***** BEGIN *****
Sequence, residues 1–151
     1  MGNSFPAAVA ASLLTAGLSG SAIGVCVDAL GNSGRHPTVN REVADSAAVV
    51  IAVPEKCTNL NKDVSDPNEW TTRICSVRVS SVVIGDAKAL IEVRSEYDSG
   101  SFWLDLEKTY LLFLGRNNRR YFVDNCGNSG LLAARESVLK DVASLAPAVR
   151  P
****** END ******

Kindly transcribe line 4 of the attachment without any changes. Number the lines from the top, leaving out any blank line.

   101  SFWLDLEKTY LLFLGRNNRR YFVDNCGNSG LLAARESVLK DVASLAPAVR